Craig briefs: McDonald’s to host Night Out programming
McDonald’s to host Night Out programming
National Night Out is a nationwide program that promotes community safety awareness, crime prevention techniques and law enforcement-community partnerships for a safer America, according to a news release.
From 4:30 to 8 p.m. Tuesday, members of the Advocates Crisis Support Services, BLM, Craig Fire/Rescue, Craig Regional Communication Center, Craig Police Department, Colorado State Patrol, Colorado Parks and Wildlife, Memorial Hospital, Moffat County Sheriff’s Department and Reaching Out Preventing Suicide, will be at the Craig McDonald’s with the following activities:
■ Lots of free stuff and activities for the kids, including Frisbees and ice cream
■ Emergency vehicle demonstrations
■ Ronald McDonald show
■ Eddie Eagle, Red E Fox, Buck the Trooper, McGruff and Smokey Bear
■ Free child ID kits
■ Car seat safety inspections and safety material
■ Safety and crime prevention brochures
■ Water safety information
■ Information on new available community programs including Anti-Theft Dots and MYPD App
Tuesday evening, residents are being asked to leave their porch lights on as a national symbol against crime.
Coffee and a Newspaper to discuss health care
This month, Publisher Renee Campbell and Editor Noelle Leavitt Riley will focus on the increased competition for health care between The Memorial Hospital and Yampa Valley Medical Center. YVMC announced recently it will move into the old Safeway building, consolidating all its clinics in Craig under one roof. For more information, call 970-875-1788.
Volunteers needed for trail project by Meeker
MEEKER — Volunteers are needed Saturday to help expand the popular hiking and biking trail system adjacent to Meeker, according to a news release.
Volunteers will join the Bureau of Land Management, Colorado Mountain Club and Conservation Colorado in constructing about one half-mile of the new East Ridge Trail. The section traverses a scenic ridge above Meeker with expansive views of the White River Valley.
“Volunteers will play a key role in helping us expand this seven-mile trail system to more than 11 miles,” Aaron Grimes, BLM outdoor recreation planner, said in a statement. “It will be a fun day in a very scenic area.”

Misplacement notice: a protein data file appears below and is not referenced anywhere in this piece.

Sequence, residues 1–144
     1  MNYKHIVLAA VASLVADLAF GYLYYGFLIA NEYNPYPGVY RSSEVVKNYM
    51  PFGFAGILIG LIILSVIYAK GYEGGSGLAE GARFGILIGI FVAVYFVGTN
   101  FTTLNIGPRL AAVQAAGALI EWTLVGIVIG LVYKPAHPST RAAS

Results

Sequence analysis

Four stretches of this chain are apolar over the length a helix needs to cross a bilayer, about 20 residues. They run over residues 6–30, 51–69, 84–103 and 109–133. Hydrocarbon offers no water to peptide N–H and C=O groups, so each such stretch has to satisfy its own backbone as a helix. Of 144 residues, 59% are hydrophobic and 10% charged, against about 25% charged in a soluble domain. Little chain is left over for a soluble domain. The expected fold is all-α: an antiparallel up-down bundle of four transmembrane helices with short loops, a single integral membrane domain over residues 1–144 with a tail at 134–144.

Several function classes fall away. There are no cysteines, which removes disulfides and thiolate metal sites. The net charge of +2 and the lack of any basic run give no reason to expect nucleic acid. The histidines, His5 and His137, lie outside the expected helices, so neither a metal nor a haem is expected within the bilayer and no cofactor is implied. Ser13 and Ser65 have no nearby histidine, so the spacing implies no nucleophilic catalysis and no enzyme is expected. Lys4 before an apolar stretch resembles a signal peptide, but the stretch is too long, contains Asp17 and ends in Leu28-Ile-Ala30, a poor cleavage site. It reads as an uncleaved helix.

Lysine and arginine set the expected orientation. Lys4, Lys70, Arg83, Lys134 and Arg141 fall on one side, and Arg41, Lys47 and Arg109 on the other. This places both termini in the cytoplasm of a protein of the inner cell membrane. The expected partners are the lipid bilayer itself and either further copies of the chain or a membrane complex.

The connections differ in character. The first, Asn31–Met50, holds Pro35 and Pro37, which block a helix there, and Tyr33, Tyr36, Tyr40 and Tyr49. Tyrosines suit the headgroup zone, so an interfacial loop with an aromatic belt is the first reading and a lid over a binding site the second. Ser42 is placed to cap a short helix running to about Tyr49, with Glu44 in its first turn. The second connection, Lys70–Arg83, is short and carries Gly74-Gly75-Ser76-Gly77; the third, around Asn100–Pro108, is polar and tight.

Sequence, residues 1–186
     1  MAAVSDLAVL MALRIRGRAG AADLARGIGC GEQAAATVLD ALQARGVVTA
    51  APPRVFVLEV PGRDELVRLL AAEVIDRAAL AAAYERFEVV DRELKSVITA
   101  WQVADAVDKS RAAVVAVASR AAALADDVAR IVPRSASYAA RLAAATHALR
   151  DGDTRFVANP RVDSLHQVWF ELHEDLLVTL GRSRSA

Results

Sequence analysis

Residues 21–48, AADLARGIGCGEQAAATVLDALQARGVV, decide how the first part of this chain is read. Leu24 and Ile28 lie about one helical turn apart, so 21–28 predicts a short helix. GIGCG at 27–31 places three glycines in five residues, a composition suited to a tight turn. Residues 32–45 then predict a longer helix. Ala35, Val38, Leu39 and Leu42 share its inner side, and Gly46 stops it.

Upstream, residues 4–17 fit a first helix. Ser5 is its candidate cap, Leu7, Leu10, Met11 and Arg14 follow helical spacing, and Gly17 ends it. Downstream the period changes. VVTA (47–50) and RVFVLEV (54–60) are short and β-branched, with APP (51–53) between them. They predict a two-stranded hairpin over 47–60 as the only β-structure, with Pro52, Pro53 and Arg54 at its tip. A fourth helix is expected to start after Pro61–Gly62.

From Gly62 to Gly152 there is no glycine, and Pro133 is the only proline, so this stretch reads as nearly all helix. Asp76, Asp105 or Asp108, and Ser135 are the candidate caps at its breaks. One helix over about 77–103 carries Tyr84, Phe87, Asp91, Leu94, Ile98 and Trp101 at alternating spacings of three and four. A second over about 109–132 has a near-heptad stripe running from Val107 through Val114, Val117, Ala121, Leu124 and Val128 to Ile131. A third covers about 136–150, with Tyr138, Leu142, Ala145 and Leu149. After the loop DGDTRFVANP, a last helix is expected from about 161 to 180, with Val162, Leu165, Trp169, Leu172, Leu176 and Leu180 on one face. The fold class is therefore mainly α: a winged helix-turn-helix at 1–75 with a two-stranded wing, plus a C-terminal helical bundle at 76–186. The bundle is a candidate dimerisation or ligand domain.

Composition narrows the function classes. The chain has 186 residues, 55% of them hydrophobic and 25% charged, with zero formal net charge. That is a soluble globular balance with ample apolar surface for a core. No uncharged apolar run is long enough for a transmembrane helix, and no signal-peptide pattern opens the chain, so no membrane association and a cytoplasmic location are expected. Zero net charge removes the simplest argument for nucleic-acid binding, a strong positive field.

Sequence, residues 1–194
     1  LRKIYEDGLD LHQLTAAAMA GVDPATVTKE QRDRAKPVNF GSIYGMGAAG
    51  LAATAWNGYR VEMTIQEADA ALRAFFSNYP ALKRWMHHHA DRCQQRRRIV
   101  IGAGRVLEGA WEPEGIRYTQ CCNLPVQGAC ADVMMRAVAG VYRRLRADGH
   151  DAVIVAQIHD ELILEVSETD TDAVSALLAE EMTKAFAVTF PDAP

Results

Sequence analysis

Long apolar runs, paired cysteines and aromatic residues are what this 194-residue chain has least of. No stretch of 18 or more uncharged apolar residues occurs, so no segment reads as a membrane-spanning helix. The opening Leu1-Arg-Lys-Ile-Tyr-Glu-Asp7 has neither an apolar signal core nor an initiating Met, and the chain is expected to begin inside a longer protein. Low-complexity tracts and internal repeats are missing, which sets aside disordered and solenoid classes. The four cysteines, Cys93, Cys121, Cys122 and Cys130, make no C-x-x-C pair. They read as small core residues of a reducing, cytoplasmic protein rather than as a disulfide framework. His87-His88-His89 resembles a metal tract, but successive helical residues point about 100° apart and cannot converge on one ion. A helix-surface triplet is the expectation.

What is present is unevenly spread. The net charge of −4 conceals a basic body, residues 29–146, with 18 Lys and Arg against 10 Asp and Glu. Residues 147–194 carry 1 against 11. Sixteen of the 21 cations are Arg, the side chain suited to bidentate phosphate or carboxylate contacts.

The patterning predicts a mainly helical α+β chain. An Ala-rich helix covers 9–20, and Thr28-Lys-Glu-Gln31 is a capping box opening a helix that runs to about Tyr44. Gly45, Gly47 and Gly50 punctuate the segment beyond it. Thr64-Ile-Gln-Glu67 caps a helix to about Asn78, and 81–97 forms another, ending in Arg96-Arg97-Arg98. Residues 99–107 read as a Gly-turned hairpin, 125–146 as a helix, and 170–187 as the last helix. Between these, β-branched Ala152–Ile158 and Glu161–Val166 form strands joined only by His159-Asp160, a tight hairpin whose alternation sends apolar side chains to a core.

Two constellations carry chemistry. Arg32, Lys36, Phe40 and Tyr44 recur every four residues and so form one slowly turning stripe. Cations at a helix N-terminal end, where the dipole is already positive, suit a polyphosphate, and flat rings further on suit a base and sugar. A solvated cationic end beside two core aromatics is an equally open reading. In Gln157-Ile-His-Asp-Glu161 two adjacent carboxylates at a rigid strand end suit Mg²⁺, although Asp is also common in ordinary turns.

Participants will meet at 8 a.m. at the Sanderson Hills Park parking lot before hiking two miles of moderately steep trails to reach the work site. Trail tasks will vary to accommodate all abilities.
Participants should bring lunch and water, long pants, hat, sunscreen and a rain jacket. Work tools, gloves, radios and first aid kits will be provided. Participants younger than 16 must be accompanied by an adult.
For more information, call Grimes at 970-878-3800.
BLM advises to ‘learn before you burn’
It doesn’t take long for fire danger to increase once snow begins to melt, according to a news release from the Bureau of Land Management. Combine that with warm, windy conditions, and brush and grass dry out quickly. A wind-whipped fire in quick-burning, dormant vegetation can cause a burn to easily become uncontrollable.
Federal and state land management agencies obtain weather forecasts from the National Weather Service before igniting any controlled burn, and so should residents. Your local National Weather Service office can be contacted 24 hours a day at 970-243-7007 or visit its website at livepage.apple.com/” weather.gov/gjt for fire weather forecasts.
Fire has been used as a land management tool for generations. It’s used to clear land of debris and excess plant material, promote grass regeneration and replenish nutrients to the soil. While spring offers optimal burn conditions, dead vegetation can carry fire through green plants and pose control issues, especially on windy days. Observing the following tips will provide a safer environment for debris and agricultural burning.
■ Contact your local county sheriff’s office before burning, and obtain required burn permits.
■ Call the National Weather Service at 970-243-7007, and get the predicted weather conditions for your burn day.
■ Don’t burn on windy days.
■ Notify your neighbors of your plans to burn.
■ Ready water and equipment — Have a reliable water source and have shovels, rakes and equipment on hand.
■ Establish fire breaks — create fire lines by digging to bare dirt and removing flammable material.
■ Try to burn into the wind as this will slow the rate of spread and makes the fire easier to manage.
■ Don’t leave fires unattended.
■ Have plenty of help.
■ Ensure the fire is out cold before leaving the area; smoldering embers have ignited unattended fires.
■ Call 911 if fire burns out of control — the longer you wait, the bigger the fire becomes.
Remember, your fire is your responsibility. Should an agricultural or debris fire damage other private, state or federally managed lands, you could receive a fine or be held responsible for the cost of the damage and impacts.
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